Remington to run for mayor if Rybak doesn’t

City Council Member Ralph Remington (10th Ward) said early this month that he planned to run for reelection in 2009 unless R.T. Rybak opted out of the mayoral race, in which case Remington would look to fill that seat.  

The first-time council member said he would “go where he was needed.” He considered Rybak an ally and said challenging the mayor wouldn’t make sense.

“R.T. and I agree at any given time on 90–95 percent of the issues,” Remington said. “We might have some big disagreements, but it’s generally a good deal. We would be forcing the base to split itself up if we go against each other and we can accomplish twice as much working together.”

But if Rybak wasn’t in the picture, Remington said he’d be compelled to run for the city’s top spot, picking up where the mayor left off.

“R.T. has created a healthy and strong foundation for the city to move forward beyond his tenure, whenever that may be,” Remington said. “And I’m sure if he stays on he’ll continue further in that vein and if he decides to leave I would welcome the opportunity to pick up the mantle and move that forward.”

Rybak has not announced whether he will seek another term, but as an early supporter of President-Elect Barack Obama, he has been rumored to be a possible choice for the new administration. He’s also been talked about as a potential candidate for the governor’s race.    

Regardless of what Rybak does and which post Remington decides to run for, the council member said balancing the budget, dealing with the ailing economy and working on livability, environment, transit and safety issues are priorities. So is improving representation of “many communities that may not have felt represented in the past, or may want to see themselves reflected in the city,” he said.

Some highlights of Remington’s term so far include the development of a land-use plan for Uptown, tightening restrictions on aggressive panhandling, advocating for the city’s controversial makeover of the Neighborhood Revitalization Program (NRP), pushing for a just-as-controversial ban on circus animals and more recently, proposing regulations for newspaper boxes.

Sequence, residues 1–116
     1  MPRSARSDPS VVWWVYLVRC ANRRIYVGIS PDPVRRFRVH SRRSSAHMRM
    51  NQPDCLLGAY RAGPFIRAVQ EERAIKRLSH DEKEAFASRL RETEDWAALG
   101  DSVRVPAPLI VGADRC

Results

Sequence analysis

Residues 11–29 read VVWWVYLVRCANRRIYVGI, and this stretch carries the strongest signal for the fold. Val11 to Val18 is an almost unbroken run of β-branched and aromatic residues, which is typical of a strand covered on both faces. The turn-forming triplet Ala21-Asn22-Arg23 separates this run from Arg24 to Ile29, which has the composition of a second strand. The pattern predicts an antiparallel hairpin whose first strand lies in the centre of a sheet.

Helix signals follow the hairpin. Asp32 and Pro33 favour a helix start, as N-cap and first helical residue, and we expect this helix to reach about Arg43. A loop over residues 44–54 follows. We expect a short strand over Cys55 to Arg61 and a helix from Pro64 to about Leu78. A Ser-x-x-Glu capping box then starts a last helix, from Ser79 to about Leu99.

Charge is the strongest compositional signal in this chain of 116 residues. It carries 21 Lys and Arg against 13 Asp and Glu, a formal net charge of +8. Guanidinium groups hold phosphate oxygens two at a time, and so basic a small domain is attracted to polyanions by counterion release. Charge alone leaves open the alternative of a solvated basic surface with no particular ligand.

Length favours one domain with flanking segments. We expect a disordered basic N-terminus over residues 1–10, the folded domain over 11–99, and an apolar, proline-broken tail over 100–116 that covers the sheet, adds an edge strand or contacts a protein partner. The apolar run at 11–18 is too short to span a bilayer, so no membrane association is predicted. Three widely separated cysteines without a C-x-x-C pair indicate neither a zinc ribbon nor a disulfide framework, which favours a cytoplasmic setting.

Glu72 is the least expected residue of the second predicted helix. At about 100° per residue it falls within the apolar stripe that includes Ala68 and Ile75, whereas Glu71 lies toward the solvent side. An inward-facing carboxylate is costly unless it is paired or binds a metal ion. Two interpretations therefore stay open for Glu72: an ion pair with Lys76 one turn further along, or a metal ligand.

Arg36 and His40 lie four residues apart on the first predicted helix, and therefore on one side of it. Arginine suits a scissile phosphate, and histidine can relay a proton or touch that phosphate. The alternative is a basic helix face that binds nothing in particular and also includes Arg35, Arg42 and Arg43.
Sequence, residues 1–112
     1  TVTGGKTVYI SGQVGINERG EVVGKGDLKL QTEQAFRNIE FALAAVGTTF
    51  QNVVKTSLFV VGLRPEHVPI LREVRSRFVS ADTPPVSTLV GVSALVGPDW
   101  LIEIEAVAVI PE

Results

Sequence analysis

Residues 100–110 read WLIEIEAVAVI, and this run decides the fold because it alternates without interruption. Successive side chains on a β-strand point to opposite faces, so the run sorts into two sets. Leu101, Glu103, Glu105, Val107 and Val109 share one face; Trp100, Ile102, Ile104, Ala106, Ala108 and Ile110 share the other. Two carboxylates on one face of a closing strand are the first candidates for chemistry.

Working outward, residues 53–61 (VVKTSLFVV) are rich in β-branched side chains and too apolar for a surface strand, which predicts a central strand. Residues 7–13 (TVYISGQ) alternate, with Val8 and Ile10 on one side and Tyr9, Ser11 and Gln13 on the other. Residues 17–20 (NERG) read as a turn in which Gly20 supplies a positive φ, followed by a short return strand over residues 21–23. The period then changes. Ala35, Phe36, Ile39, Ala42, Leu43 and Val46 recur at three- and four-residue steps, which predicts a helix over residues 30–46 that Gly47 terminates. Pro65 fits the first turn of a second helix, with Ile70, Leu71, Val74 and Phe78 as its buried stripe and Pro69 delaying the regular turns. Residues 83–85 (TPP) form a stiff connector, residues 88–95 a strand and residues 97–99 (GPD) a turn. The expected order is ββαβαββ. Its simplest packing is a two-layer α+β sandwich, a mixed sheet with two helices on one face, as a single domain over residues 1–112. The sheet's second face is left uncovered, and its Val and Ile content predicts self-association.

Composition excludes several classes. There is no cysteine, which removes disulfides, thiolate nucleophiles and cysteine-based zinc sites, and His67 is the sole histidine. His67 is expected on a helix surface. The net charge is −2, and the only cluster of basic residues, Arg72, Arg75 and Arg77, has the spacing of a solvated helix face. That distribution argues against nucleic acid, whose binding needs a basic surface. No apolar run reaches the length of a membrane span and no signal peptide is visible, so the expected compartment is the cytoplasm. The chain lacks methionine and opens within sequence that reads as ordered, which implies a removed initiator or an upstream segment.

Remington said he is confident about the support of his constituents, though his relationship with some neighborhood organizations has become strained. The Lyndale Neighborhood Organization (LNA) Board of Directors recently sent Remington a letter expressing frustration about the council member’s “comments and votes during the recent City Council discussions regarding the future of neighborhoods in Minneapolis.”

Remington has not been a supporter of the current NRP structure; a main argument being that the power-holders are not fully representative of the neighborhoods they serve, particularly at a multicultural level. That is a point of contention with some neighborhood groups, including LNA, which said in its letter that the neighborhood group “has a long history of achieving our goals by building a working multi-cultural community.”

Other Ward 10 neighborhood organizations, such as the East Harriet Farmstead Neighborhood Association (EHFNA) have gotten along better Remington.

“Ralph has been supportive and attentive to every request and initiative for which we have asked for his assistance,” said EHFNA President Matt Perry.

Overall, Remington said he’s comfortable with his relationship with neighborhood organizations and noted that they are only a part of the Ward 10 population.

“I do serve all the neighborhoods and the people who live there, whether they are part of the neighborhood group or not,” he said.  

Whether Remington runs for a second council term or for Mayor, he will face competition.

Bob Miller, director of the NRP, threw in his mayoral bid in November. Meg Tuthill, a longtime Southwest business owner and resident, said she will run for the Ward 10 spot. Doug Kress, policy aide for Council Member Lisa Goodman (7th Ward) and Ward 10 candidate in 2001, said he was considering a run for Remington’s seat, too.  

Reach Jake Weyer at 436-4367 or